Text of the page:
Salisbury v. John Hancock Mutual Life Ins. Co.Annotate this Case
486 P.2d 1279 (1971)
Clarice E. SALISBURY, Respondent, v. JOHN HANCOCK MUTUAL LIFE INSURANCE CO., Appellant.
Supreme Court of Oregon.
Argued and Submitted May 6, 1971.
Decided July 23, 1971.
James H. Clarke, Portland, argued the cause for appellant. With him on the briefs were McColloch, Dezendorf, Spears & Lubersky and Herbert H. Anderson, Portland.
Stephen S. Walker, Portland, argued the cause for respondent. With him on the brief was James B. Pfouts, Portland.
Before O'CONNELL, C.J., and McALLISTER, DENECKE, HOLMAN, TONGUE and HOWELL, JJ.
This is an action to recover under the double indemnity provisions of an insurance policy which were applicable in case of accidental death. Defendant appealed *1280 from a judgment for plaintiff after a trial by the court.
Plaintiff's decedent had cancer of the brain which rendered him weak, spastic, and unable to control his movements fully or to stand by himself. He was a bed patient in a nursing home. Side rails and a chest strap were used to keep him from getting out of bed. The trial court found that he had attempted to get up and, in so doing, became entangled with the chest strap, whereby he strangled to death. In our opinion, there was sufficient evidence to sustain such a finding. There was also evidence from which it must necessarily be concluded that the accident would not have occurred but for decedent's debilitated condition resulting from disease.
The policy of insurance in question provided that double indemnity would be payable:"* * * Upon receipt * * * of due proof of the accidental death of the Insured which directly shows that: (1) Death resulted solely from an accidental bodily injury * * *."
It defined "accidental death" as:"* * * death resulting directly and solely from * * * [a]n accidental injury * * *."
It further provided that the benefit was not payable if:"* * * the Insured's death results, directly or indirectly, or wholly or partially, from (1) Any infection or bodily or mental infirmity or disease existing before or commencing after the accidental injury, * * *."
The thrust of defendant's assignments of error is to the effect that the trial court was mistaken in finding that decedent's death came about directly and solely as the result of an accidental injury and that it did not result directly or indirectly from any bodily or mental infirmity or disease.
This court has recently and previously dealt with the construction of similar policies in situations where the insured had an accident, and injuries suffered in the accident combined with a pre-existing infirmity or disease to cause his death. See Tabler v. Standard Insurance, Or., 91 Adv.Sh. 967, 477 P.2d 709 (1970), and Perry v. Hartford Acc. and Ind. Co., Or., 90 Adv.Sh. 1597, 471 P.2d 785 (1970). We held there that where previous infirmity or disease substantially contributed to death or disability, there is no coverage. We are now met with a different situation in which the insured had a pre-existing infirmity or disease which was a cause of the accident, but death was caused solely as the result of injuries suffered in the accident and not by virtue of the disease or infirmity itself.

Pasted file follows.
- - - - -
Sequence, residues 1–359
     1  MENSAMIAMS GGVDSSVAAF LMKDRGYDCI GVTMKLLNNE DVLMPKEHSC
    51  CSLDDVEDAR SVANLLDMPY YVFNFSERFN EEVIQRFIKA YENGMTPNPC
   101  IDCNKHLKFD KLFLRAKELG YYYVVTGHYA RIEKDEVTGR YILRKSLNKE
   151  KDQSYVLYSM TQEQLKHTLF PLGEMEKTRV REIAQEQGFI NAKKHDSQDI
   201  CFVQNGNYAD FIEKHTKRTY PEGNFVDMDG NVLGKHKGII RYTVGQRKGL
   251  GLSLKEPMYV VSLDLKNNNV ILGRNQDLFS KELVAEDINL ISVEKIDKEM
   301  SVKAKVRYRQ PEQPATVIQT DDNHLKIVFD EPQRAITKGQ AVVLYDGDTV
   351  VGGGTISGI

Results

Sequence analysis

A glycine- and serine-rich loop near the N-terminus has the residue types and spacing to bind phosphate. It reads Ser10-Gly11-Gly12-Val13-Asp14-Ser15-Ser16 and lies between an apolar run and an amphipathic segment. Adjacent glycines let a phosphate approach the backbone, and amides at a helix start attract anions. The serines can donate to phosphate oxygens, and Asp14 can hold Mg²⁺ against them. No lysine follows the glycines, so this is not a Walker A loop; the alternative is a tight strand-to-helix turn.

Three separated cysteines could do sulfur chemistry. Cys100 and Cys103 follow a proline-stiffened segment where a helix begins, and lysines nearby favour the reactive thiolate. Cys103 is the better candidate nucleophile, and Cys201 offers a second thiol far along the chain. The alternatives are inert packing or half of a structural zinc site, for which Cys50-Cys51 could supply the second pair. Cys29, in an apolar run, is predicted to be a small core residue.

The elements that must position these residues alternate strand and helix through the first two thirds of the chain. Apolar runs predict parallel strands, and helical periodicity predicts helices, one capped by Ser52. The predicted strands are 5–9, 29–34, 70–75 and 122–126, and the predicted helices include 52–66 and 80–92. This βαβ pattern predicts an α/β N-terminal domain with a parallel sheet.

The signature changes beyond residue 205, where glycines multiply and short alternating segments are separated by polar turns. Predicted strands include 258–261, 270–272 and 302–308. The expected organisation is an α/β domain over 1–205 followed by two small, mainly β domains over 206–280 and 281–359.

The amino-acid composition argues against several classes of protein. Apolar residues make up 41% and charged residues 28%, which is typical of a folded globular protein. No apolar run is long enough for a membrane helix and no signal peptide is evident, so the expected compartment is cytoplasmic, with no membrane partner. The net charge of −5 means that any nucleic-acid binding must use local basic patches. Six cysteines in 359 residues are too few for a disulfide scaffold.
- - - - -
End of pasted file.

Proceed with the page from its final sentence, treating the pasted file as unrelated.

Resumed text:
In the present situation, death resulted solely from asphyxiation caused by strangulation, and was a death "* * * resulting directly and solely from * * * an accidental injury * * *." The exclusion from coverage relates to the cause of death not to a cause of the accident. Decedent died from strangulation not cancer. For cases in which the same result is reached in the face of not always identical but somewhat similar language, see: Manufacturers' Accident Indemnity Co. v. Dorgan, 58 F. 945, 954 (6th Cir.1893), 22 L.R.A. 620; Sturm v. Employers' Liability Assur. Corp. Ltd., 212 Ill. App. 354, 364 (1918); Wells v. Prudential Insurance Co., 3 Mich. App. 220, 142 N.W.2d 57 (1966); Dickerson v. Prudential Ins. Co., 158 Pa.Super. 596, 46 A.2d 33 (1946); Speer v. West. & South. Life Ins. Co., 158 Pa.Super. 61, 43 A.2d 562, 566 (1945). There are, of course, cases to the contrary, as the subsequently cited decision of this court indicates.
If it was the intention of the defendant that the policy not cover death caused solely as the result of injuries suffered in an accident where a cause of the accident is infirmity or disease, it should have more clearly expressed such intention. Ambiguous policies are construed against the company which draws them.
Defendant rests its contention upon Seater v. Penn. Mut. Life Ins. Co., 176 Or. *1281 542, 156 P.2d 386, 159 P.2d 826 (1945), in which the decedent died as the result of a fall probably caused by previous infirmity and the plaintiff was not allowed to recover. Plaintiff attempts to distinguish the case. It cannot be distinguished and is overruled.
The judgment of the trial court is affirmed.